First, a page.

Looking to quell opposition to its plan to put a store in East New York, Wal-Mart has been pulling out the stops, courting local leaders and sponsoring everything from nutrition education to wetlands restoration. The company’s efforts seem to be working—recent polls place citywide support for Wal-Mart at over 60 percent—and some former opponents have caved. Here, a look at the retailer’s ground game.
Reputation for ruthless, free-market exploitation and creation of poverty conditions.
Donations to progressive efforts and pols’ pet charities, including but not limited to ...
To bail out a cash-strapped city youth-employment program beloved by City Council Speaker Christine Quinn.
For a summer program in literacy, math, and “experiential learning” for 2,000 at-risk middle-schoolers.
To renovate the Food Bank for New York City’s 90,000-square-foot warehouse.
To purchase two refrigerated trucks to deliver summer meals to kids.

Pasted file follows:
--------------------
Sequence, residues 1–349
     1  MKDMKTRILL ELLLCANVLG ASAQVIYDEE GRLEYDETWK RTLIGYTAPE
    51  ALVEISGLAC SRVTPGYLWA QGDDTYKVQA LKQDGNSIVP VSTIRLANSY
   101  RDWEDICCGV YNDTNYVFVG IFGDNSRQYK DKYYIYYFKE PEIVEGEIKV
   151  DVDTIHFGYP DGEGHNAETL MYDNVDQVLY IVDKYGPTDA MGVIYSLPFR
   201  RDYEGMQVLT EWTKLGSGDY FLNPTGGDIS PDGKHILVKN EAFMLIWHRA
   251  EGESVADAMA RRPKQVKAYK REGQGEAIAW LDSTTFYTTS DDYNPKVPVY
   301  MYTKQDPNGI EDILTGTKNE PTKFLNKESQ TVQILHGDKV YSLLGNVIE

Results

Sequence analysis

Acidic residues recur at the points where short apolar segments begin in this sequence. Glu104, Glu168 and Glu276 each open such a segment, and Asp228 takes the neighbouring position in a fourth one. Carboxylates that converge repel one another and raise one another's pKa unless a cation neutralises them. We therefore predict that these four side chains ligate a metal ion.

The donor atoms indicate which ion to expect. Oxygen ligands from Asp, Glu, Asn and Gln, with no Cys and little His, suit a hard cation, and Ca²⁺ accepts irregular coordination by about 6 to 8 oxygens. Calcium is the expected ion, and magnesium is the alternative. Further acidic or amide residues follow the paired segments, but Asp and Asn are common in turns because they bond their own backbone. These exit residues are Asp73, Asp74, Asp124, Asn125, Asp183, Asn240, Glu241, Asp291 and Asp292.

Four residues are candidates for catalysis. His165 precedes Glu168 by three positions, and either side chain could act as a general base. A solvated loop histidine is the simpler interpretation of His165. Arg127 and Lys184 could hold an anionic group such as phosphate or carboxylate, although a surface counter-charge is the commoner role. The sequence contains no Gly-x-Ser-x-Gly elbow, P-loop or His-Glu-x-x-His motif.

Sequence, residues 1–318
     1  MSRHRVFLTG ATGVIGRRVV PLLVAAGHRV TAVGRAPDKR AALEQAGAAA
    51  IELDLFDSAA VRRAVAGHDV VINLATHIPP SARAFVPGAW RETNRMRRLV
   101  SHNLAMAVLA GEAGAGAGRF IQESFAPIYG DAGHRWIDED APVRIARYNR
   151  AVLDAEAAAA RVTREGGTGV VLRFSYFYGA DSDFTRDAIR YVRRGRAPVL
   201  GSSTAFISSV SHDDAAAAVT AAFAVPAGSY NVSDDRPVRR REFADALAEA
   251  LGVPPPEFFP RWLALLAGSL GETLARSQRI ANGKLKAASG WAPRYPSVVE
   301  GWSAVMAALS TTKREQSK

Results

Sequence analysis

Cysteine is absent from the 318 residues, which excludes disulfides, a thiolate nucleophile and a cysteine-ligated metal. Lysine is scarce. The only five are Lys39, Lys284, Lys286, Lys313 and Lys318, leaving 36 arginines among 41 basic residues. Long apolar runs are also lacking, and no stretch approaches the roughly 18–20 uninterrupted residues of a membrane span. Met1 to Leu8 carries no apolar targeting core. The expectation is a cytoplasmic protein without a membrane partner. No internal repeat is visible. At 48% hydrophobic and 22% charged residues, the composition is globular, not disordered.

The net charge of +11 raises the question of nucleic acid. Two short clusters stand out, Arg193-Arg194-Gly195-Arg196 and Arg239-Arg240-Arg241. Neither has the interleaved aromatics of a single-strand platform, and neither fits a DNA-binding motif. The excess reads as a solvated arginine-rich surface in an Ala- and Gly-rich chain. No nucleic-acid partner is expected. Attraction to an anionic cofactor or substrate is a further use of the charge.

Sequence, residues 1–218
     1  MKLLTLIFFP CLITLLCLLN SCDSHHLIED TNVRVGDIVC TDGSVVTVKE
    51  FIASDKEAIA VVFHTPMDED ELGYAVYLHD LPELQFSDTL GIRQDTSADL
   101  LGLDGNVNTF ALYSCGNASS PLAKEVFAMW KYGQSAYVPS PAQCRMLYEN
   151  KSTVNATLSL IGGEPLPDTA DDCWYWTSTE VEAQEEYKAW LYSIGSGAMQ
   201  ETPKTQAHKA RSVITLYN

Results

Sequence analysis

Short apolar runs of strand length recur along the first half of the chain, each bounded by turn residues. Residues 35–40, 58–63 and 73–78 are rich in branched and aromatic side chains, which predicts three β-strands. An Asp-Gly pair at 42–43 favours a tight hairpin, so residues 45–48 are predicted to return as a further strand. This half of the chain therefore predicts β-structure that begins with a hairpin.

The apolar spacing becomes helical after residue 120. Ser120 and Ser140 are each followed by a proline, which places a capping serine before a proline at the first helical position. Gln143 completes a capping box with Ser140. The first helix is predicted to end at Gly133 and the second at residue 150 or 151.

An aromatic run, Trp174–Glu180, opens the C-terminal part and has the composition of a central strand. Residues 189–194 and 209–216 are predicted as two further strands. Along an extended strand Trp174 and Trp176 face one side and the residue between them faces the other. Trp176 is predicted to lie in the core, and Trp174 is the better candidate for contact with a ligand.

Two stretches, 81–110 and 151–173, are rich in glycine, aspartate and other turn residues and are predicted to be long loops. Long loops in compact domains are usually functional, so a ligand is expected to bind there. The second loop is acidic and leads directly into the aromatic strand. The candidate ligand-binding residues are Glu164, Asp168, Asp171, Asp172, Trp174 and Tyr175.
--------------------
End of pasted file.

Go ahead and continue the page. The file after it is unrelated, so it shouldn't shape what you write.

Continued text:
For a concert series founded by Brooklyn borough president Marty Markowitz.
To restore 25 acres of tidal wetlands in Jamaica Bay.
To fund summer jobs for teens in Harlem RBI’s summer-baseball program, championed by Yankees slugger Mark Teixeira.
To replace 35 bikes, 40 helmets, and a pump stolen from a Flushing program that teaches kids to ride.
Total amount of charitable giving in New York byWal-Mart since 2007.
Net sales for Wal-Mart’s U.S. division at 3,804 stores in the past fiscal year.
“Some New Yorkers Have Plenty of Choices When It Comes to Shopping … We Think You Should Too.”
Headline of a Wal-Mart flyer sent to city residents, which depicts boutique shops on Fifth Avenue between 54th and 55th Streets.
“The borough president has strong opposition to allowing retailers into the borough that have had questionable employment practices … It is well known that stores such asWal-Mart have questionable labor practices.” — aide to Marty Markowitz
“I am not philosophically opposed to Wal-Mart.” —Markowitz